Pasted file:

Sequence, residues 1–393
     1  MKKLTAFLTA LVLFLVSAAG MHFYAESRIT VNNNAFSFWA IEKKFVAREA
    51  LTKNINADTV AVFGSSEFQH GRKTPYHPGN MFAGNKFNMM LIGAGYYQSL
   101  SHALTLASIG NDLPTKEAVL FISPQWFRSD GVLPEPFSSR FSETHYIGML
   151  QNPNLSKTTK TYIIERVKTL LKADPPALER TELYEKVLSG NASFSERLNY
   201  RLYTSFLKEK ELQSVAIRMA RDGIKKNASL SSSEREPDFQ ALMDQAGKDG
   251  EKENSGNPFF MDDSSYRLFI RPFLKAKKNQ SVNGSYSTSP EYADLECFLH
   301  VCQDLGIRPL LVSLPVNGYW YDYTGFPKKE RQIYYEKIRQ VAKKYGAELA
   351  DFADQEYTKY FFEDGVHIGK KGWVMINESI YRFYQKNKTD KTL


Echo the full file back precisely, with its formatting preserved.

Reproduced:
Sequence, residues 1–393
     1  MKKLTAFLTA LVLFLVSAAG MHFYAESRIT VNNNAFSFWA IEKKFVAREA
    51  LTKNINADTV AVFGSSEFQH GRKTPYHPGN MFAGNKFNMM LIGAGYYQSL
   101  SHALTLASIG NDLPTKEAVL FISPQWFRSD GVLPEPFSSR FSETHYIGML
   151  QNPNLSKTTK TYIIERVKTL LKADPPALER TELYEKVLSG NASFSERLNY
   201  RLYTSFLKEK ELQSVAIRMA RDGIKKNASL SSSEREPDFQ ALMDQAGKDG
   251  EKENSGNPFF MDDSSYRLFI RPFLKAKKNQ SVNGSYSTSP EYADLECFLH
   301  VCQDLGIRPL LVSLPVNGYW YDYTGFPKKE RQIYYEKIRQ VAKKYGAELA
   351  DFADQEYTKY FFEDGVHIGK KGWVMINESI YRFYQKNKTD KTL